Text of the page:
MLB may adopt international draft


MLB may adopt international draft

With all the news surrounding Yoenis Cespedes and the impending spending cap, there is talk of the MLB trying to find a universal solution for teams acquiring international players.

The new Collective Bargaining Agreement limits the amount of money teams can spend on international players as well as those chosen in the amateur draft. Which is a big reason why the market on guys like Cespedes, Gerardo Concepcion and Jorge Soler is larger than normal. The Yu Darvish post was also a bit on the crazy side.

Currently, there is an amateur draft in place for those players from the U.S. who are either coming out of college or high school. For international players, it's almost first-come, first-serve. Whoever wins the posting bid for Japanese players wins the right to negotiate exclusively. With Cuban and Dominican players, whichever team provides the best contract, they essentially win the player.

That may change, according to Bud Selig.

The MLB commissioner told BaseballAmerica recently the league may be headed for an international draft.

"It is inevitable," Selig said. "I would like to see it. We have made some significant progress to that end. When we went to the draft in 1965, it was to create a more level playing field. We've done that, and the same thing will have to happen internationally."

While it may be inevitable, Selig admitted there is no timetable yet on an international draft.

"We'll watch the situation carefully and make the right decision," he said. "I can't say when a draft would be put in place. We want to see how the process works out."

For more, check out the article at BaseballAmerica.

White Sox may have to deal with Francisco Lindor for a while, according to unlikely source

White Sox may have to deal with Francisco Lindor for a while, according to unlikely source

Sources have confirmed that kids really do say the darndest things. 

In a spring training game Sunday afternoon, 6-year-old Brody Chernoff, son of Indians general manager Mike Chernoff, spilled the beans on his dad's prospective moves. Goated by announcer Todd Hamilton, Brody said that his dad was trying to keep Lindor in Cleveland for seven more years.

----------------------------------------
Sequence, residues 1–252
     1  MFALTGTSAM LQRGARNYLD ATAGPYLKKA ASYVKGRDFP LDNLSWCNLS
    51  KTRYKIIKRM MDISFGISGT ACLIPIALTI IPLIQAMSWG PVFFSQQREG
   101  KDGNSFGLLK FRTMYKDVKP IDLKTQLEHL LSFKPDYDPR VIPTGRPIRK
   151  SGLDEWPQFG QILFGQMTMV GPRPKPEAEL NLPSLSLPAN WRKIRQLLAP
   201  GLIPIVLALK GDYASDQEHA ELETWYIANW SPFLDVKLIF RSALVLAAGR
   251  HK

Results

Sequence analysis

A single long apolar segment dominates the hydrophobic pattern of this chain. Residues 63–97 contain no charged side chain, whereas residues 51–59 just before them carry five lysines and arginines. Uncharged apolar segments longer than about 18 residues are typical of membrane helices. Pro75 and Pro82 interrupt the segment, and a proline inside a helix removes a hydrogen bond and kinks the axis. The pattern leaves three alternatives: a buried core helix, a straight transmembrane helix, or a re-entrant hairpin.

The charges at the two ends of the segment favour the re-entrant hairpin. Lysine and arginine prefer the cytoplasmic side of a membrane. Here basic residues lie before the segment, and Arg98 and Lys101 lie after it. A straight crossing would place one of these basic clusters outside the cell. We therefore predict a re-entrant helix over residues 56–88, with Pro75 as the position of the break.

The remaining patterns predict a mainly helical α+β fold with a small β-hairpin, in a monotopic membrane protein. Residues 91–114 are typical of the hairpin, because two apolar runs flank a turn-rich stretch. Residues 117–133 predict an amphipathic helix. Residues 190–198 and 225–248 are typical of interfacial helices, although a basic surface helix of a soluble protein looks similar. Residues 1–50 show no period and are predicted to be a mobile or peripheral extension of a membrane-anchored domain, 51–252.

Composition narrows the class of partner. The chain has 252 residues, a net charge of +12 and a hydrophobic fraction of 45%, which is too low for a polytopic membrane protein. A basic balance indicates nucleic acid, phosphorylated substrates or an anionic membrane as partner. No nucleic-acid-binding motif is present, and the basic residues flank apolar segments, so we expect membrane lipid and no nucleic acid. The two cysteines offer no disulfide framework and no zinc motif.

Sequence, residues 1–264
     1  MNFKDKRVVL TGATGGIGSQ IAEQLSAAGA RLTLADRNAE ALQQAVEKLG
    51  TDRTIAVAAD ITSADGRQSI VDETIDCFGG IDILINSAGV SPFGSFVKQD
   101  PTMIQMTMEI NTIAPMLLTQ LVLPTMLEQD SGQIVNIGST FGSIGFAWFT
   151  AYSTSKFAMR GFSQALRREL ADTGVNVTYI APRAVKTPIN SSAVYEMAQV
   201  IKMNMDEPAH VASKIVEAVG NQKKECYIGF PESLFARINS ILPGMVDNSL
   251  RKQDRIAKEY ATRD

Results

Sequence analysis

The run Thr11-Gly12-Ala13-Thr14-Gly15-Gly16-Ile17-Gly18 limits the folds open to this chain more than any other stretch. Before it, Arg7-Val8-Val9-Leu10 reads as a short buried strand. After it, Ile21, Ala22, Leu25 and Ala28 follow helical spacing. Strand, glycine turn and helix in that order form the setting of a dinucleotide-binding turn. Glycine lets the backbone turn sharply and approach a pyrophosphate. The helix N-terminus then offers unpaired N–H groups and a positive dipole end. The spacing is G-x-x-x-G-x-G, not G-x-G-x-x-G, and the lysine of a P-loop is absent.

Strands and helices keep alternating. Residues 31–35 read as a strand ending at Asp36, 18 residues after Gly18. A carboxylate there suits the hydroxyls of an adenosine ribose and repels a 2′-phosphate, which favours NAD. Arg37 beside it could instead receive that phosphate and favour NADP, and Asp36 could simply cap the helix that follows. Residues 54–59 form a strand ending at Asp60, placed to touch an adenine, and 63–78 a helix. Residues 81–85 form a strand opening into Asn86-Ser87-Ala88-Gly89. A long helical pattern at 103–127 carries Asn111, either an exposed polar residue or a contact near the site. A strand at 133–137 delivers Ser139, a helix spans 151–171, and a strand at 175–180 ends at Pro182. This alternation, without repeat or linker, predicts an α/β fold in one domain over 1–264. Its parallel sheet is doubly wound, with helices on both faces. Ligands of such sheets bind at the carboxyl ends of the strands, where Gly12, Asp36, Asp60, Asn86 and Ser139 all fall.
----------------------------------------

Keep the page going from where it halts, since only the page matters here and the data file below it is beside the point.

On one hand, Brody's honesty rivals a young Abraham Lincoln. Not even Adrian Wojnarowski could cultivate a source so honest and to the point. On the other, his dad probably is a little shocked that contract offer leaks are coming from his own family. 

Either way, though, hearing that Lindor may be in Cleveland for a while is bad news for the White Sox. The 23-year-old stud shortstop has hit over .300 in his first two big-league seasons. So definitely not someone you want to have in your division for years to come. Oh, plus he's absolutely nasty with the leather. 

Cubs fans know all about Lindor's talents, too. The shortstop hit .296 in his first World Series and was almost a key reason the Indians captured the crown. Almost!

Watch the hilarious exchange in the video above. 

Today on CSN: White Sox tangle with Dodgers in spring training game

Today on CSN: White Sox tangle with Dodgers in spring training game

The White Sox battle the Los Angeles Dodgers, and you can catch all the action right now on CSN.

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